“Years ago, we thought hydro power was the ’green’ energy of the future, so we rushed ahead and built scores of dams. Over 1,000 of those dams have now been torn down because of their serious impacts to the environment. That same blind, shortsighted rush is happening with wind power. We aren’t learning from our past mistakes. History is simply repeating itself,” said Fuller.


In December, with the help of Meyer Glitzenstein and Crystal (MGC), a Washington, D.C.-based public interest law firm, ABC formally petitioned the U.S. Fish and Wildlife Service (FWS) to establish a mandatory project permitting system (a process that would ensure that wind farms were well sited, operated, and mitigated). If adopted, this system would prevent the most egregious developments while allowing relatively benign developments to proceed in conjunction with certain mitigations.


However, DOI today also rejected this petition. Had it been adopted, the proposal would have protected birds and provided legal certainty that wind developers in compliance with a permit would not have been subjected to criminal or civil penalties for violation of the Migratory Bird Treaty Act (MBTA). The petition is available here.


“For four years, FWS has been attempting to fix the voluntary guidelines problem with band aids. This is in spite of the fact that more than 150 organizations and 20,000 concerned citizens have shown their support for mandatory standards or are on record asking the Department of Interior for mandatory standards, not voluntary guidelines. Included in this group are the Sierra Club, Cornell Lab of Ornithology, American Birding Association, and many state Audubon societies,” Fuller said.


“The federal government is seeking to promote an energy sector in a manner that is in violation of its own laws. The rejection of the effective alternative proposed in our petition in favor of non-binding guidelines is disappointing -- for many years now, voluntary guidelines have proven to be completely ineffective. All the government has done today, despite the groundswell of support for mandatory standards, is come up with yet another version of a failed strategy,” said Shruti Suresh, an attorney at MGC.


“Switching to the project permit system proposed in our petition would have fulfilled the agency’s mandate to protect migratory birds and keep them from becoming endangered while still enabling wind power development to continue,” Fuller said.


In 2009, FWS estimated that 440,000 birds were being killed each year by collisions with wind turbines, and recently included this figure in the agency’s 2013 budget request to Congress. In the absence of clear, legally enforceable regulations, the massive expansion of wind power in the United States will likely result in the deaths of more than one million birds each year by 2030. Further, wind energy projects are also expected to adversely impact almost 20,000 square miles of terrestrial habitat, and another 4,000 square miles of marine habitat.



American Bird Conservancy (ABC) is a 501©(3) not-for-profit membership organization whose mission is to conserve native birds and their habitats throughout the Americas. ABC acts by safeguarding the rarest species, conserving and restoring habitats, and reducing threats, while building capacity in the bird conservation movement.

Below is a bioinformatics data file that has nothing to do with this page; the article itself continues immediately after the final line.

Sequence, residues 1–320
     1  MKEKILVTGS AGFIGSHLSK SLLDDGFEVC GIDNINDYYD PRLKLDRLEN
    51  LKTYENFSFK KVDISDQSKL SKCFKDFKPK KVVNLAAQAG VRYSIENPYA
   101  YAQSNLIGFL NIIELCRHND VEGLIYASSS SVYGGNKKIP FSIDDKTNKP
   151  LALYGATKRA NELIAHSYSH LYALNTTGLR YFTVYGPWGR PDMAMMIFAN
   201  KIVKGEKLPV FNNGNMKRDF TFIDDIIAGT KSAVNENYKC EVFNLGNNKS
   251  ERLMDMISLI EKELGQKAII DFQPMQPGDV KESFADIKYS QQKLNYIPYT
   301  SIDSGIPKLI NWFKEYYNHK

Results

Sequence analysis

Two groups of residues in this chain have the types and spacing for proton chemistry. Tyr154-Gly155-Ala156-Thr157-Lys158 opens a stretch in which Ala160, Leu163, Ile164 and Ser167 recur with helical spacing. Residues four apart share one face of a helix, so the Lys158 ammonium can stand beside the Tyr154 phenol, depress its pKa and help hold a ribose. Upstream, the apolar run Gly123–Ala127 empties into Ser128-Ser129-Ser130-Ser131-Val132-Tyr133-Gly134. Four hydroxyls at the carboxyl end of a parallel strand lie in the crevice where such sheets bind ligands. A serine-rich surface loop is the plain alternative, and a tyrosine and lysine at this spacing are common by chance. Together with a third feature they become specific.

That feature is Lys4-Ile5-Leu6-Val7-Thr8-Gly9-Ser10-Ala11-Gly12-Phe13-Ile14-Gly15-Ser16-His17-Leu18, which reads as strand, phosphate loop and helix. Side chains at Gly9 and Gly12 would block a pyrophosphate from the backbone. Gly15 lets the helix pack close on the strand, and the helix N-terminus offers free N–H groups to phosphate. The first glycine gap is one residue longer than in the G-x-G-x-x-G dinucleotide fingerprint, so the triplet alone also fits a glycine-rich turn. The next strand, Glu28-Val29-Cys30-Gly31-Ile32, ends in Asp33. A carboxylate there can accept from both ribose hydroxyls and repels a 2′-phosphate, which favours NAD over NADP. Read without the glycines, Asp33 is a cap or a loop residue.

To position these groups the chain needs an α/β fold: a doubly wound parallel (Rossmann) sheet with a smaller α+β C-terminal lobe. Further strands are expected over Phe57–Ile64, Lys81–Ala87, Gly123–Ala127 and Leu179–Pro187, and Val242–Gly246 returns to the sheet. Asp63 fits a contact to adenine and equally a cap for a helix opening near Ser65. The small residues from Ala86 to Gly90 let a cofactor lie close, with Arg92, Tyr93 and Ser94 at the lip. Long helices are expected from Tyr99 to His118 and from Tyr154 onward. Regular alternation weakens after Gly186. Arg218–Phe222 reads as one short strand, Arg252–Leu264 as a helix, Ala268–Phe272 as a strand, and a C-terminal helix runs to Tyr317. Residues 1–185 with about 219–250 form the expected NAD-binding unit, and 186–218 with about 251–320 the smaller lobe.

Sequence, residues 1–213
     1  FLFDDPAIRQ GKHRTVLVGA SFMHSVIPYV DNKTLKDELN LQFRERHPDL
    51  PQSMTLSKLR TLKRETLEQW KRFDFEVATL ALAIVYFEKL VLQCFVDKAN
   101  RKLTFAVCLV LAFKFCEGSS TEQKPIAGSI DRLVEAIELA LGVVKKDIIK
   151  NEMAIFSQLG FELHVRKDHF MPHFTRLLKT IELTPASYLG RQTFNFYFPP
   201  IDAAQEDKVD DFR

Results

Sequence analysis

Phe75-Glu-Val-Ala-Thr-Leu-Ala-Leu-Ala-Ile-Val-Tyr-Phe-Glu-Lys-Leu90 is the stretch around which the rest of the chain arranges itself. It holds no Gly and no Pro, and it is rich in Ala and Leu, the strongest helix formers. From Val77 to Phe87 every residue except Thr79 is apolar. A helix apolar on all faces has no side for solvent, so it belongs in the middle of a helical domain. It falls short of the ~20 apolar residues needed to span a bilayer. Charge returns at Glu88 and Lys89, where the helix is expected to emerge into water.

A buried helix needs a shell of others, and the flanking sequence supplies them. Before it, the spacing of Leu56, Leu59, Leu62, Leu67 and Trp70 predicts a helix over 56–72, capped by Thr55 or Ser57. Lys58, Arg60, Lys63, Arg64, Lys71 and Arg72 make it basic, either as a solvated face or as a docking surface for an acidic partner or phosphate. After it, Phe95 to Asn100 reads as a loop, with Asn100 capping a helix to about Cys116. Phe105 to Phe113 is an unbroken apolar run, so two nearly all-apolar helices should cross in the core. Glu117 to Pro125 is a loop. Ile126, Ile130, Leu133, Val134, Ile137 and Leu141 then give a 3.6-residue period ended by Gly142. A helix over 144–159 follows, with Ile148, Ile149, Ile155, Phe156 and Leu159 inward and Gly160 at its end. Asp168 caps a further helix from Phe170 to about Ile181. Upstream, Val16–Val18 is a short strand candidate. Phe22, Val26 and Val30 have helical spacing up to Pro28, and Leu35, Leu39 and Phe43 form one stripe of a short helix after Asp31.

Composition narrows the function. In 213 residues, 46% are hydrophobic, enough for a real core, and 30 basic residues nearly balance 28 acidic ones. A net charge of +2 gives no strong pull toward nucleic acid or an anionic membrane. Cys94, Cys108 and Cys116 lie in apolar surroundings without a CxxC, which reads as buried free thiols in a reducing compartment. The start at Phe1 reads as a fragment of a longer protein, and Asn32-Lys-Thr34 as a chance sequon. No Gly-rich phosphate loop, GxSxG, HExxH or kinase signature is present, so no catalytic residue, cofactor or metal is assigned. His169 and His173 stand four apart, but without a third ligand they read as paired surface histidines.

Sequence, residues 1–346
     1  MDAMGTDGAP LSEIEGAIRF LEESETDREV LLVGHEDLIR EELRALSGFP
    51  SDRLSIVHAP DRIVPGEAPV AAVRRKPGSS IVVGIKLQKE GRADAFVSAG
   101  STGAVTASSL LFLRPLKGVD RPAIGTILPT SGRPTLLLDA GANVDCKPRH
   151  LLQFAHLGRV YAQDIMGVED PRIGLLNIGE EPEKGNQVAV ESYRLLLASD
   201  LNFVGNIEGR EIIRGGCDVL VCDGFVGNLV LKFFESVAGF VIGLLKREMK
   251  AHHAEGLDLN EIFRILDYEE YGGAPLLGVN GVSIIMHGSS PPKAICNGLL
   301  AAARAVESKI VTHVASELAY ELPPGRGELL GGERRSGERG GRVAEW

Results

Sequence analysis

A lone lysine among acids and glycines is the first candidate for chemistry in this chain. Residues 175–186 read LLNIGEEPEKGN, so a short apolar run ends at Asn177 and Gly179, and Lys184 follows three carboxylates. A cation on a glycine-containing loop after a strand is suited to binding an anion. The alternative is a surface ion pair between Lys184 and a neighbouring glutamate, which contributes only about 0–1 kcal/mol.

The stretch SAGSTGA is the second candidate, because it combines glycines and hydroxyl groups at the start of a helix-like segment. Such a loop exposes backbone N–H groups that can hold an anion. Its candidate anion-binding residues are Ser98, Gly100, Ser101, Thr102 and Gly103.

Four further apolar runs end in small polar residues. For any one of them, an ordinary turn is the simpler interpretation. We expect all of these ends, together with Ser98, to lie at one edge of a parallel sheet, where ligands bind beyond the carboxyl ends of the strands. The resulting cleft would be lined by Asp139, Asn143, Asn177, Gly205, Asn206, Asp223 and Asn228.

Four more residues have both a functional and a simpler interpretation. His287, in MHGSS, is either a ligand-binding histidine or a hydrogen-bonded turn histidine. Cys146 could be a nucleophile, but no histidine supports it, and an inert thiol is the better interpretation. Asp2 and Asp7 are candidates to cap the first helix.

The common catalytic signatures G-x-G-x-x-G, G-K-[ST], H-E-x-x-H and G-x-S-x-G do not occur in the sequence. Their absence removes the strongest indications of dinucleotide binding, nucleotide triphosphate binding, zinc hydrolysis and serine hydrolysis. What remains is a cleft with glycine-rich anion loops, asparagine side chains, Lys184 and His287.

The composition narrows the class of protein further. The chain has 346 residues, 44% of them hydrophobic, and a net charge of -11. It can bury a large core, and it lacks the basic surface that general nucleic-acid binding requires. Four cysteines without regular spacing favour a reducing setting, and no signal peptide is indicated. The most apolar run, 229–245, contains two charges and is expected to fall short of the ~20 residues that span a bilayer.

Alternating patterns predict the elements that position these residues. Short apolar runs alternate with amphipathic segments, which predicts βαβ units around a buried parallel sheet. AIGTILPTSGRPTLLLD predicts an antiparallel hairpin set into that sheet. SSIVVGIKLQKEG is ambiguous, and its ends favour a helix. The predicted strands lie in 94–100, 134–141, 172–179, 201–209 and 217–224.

Meyer Glitzenstein & Crystal represents clients in federal and state court litigation on a wide range of public interest issues, including Wildlife and Animal Protection; Natural Resources and Environmental Conservation; and Open Government Laws.







Federal Guidelines a Step Forward for Bird-Friendly Wind Development


This morning, the Department of the Interior took an important step toward bird-friendly wind development by releasing new federal guidelines for minimizing bird and wildlife impacts from land-based wind development in the United States.


The guidelines were developed with the assistance of a 22-member Wind Turbine Guidelines Advisory Committee, which included experts from National Audubon Society, The Nature Conservancy, Defenders of Wildlife, Massachusetts Audubon and Bat Conservation International as well as representatives from the wind industry and state fish and wildlife agencies.


The committee, created under the Federal Advisory Committee Act (FACA) in 2009, worked with the US Fish and Wildlife Service to develop workable, science-based guidelines to avoid, minimize and mitigate impacts to birds and their habitats from wind energy facilities.


Audubon was instrumental in including in the guidelines measures to address habitat fragmentation, one of the most significant potential impacts of wind development on birds. As a result, wind developers who cooperate with the guidelines will be expected to thoroughly analyze the impacts of their projects on habitat values and avoid and minimize approaches that cut up and divide important habitats like forests and grasslands making them less suitable for wildlife.


The guidelines also give the U.S. Fish and Wildlife Service a place at the table for siting decisions and a sound basis for recommending measures needed to avoid, minimize and mitigate impacts of wind projects. Importantly, wind developers that fail to incorporate Fish and Wildlife Service recommendations risk prosecution under the Migratory Bird Treaty Act, Bald and Golden Eagle Protection Act, and other applicable wildlife law.


Action Alert: Support Bird-Friendly Implementation of Federal Guidelines


Audubon worked collaboratively for three years to develop science-based, practical guidelines. Now, we are calling for the Department of the Interior to implement these guidelines in the same collaborative spirit, and with the same respect for practical, science-based solutions to wildlife conflicts.


We invite everyone who cares about birds to join us in urging the Interior Department to ensure the federal guidelines, when implemented, provide the strongest possible protections for birds and habitat on the ground. The letter Secretary of the Interior Ken Salazar is attached.


Contact Sean Saville, National Field Director for National Audubon Society, at ssaville@audubon.org to add your organization to this call for strong protections for birds, wildlife, and their habitats.


The final Guidelines and all associated materials are available at www.fws.gov/windenergy



Mike Daulton

Vice President, Government Relations

National Audubon Society

1150 Connecticut Ave NW, Suite 600

Washington, DC 20036


202-861-4290 fax